Organizational Software Use Policies

Organizational Software Use Policies

Alex Ozoemelem Obuh (Delta State University, Nigeria)
DOI: 10.4018/978-1-61520-847-0.ch034
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Abstract

This chapter discusses organizational software use policies. Specifically it gives the meaning of software use policy, software use policy components bothering on; general statement of policy, user education, budgeting and acquisition of software, registration, installation, storage and documentation of software, record keeping, software use, internet and shareware use, software audit and use survey, employee/user duty to report underlicensing, disciplinary measures on defaulters, corporate handling of employee questions regarding an organization’s software, need for software use policy in an organization, organizational software use policy formulation process, qualities of a software use policy, policy education and enforcement, problems of software use policy as well as future trends in organizational software use policy.
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Background

At this point it is pertinent to define the following the terms ‘policy’, ‘software’ and ‘software policy’. A policy is a deliberate plan of action to guide decisions and achieve rational outcome(s) (Adomi, 2008). Policy helps to define what is considered valuable, and specifies what steps should be taken to safeguard those assets (Gafinkel & Spafford 1996). Policy is defined as the set of laws, rules, practices, norms, and fashions that regulate how an organization manages, protects, and distributes sensitive information, and that regulates how an organization protects system services. (Longley & Shain, 1990; DoDCSEC 1985). The term policy may apply to individuals, government, private sector organizations and groups. Presidential executive orders, corporate privacy policies, and parliamentary rules of order are all examples of policy. Policy differs from rules or law. While law can compel or prohibit behaviors (e.g. a law requiring the payment of taxes on income) policy merely guides actions toward those that are most likely to achieve a desired outcome Longley & Shain, 1990; DoDCSEC 1985; Dijker, 1996).

Policy may also refer to the process of making important organizational decisions, including the identification of different alternatives such as programs or spending priorities, and choosing among them on the basis of the impact they will have. Policies can be understood as political, management, financial, and administrative mechanisms arranged to reach explicit goals (Gafinkel & Spafford 1996). Access to a system may be granted only if the appropriate clearances are presented. Policy defines the clearance levels that are needed by system subjects to access objects (DoDISPR, 1982). In an access control model, policy specifies the access rules for an access control framework (Kao & Chow, 1995).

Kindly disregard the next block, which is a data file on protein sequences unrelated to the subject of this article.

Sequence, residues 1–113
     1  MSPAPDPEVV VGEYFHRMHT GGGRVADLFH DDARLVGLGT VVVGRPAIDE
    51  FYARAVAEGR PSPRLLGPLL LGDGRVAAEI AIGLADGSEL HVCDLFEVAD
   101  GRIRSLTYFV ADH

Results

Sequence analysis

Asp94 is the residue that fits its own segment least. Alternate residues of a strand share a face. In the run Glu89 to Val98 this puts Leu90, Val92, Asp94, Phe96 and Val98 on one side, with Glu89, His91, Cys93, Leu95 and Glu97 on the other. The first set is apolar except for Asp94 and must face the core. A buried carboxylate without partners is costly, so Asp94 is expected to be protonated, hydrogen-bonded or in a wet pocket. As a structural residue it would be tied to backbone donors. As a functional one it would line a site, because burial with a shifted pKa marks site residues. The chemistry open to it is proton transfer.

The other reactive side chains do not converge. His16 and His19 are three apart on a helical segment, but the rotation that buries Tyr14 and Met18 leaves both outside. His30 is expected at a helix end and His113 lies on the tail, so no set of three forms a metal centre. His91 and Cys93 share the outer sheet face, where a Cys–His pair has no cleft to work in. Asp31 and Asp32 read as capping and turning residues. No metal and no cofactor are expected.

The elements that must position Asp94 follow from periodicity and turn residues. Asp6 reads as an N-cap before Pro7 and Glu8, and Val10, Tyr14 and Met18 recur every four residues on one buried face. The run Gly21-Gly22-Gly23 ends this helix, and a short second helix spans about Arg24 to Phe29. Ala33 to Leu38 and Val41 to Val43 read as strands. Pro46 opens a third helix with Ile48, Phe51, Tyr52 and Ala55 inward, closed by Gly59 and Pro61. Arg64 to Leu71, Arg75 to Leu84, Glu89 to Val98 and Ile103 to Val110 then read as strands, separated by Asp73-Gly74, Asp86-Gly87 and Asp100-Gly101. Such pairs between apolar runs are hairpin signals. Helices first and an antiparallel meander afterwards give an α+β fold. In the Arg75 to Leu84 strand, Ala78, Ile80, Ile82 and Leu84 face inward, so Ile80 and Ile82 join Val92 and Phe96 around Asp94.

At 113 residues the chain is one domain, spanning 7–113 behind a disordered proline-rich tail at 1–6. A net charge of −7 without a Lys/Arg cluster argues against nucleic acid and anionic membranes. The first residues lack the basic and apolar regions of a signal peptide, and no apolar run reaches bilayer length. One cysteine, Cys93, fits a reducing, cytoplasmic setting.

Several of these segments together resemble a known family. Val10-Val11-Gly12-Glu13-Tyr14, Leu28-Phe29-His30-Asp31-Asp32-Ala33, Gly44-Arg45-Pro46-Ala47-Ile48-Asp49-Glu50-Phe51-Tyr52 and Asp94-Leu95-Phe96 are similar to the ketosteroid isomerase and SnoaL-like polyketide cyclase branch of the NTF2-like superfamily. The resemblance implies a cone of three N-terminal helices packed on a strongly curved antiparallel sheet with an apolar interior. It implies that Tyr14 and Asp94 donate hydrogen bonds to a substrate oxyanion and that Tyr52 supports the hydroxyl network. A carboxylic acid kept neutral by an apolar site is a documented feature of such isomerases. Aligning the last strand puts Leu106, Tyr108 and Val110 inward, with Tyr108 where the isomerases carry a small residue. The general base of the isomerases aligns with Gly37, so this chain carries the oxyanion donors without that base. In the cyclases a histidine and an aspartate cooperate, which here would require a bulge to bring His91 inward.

Key Terms in this Chapter

Software: A set of instructions that cause a computer to perform one or more tasks.

Patent: A legal document issued by the government in response to a formal application process in which the inventor or originator of a product or process is granted the exclusive right to manufacture, use, and sell it for a designated period of time.

Copyright: The exclusive legal rights granted by a government to an author,editor,compiler, composer, playwright, publisher, or distributor to publish, produce, sell, or distribute copies of their work, within certain limitations.

Trademark: A symbol used in connection with a product or service to signify the identity of the owner that has reserved to itself the use of the distinctive mark by registering it with government Patent and Trademark Office.

Organization: A structure of roles and responsibilities functioning to accomplish predetermined objectives.

Open-Source Software(OSS): Software that can be run, distributed and modified without a fee.

Intellectual Property (IP): Tangible products of the human mind and intelligence entitled to the legal status of personal property, especially works protected by copyright, inventions that have been patented and registered trademarks.

Piracy: The systematic unauthorized reproduction or use, without permission and recompense, of a work protected by copyright law.

Policy: A policy is a deliberate plan of action to guide decisions and achieve rational outcome(s).

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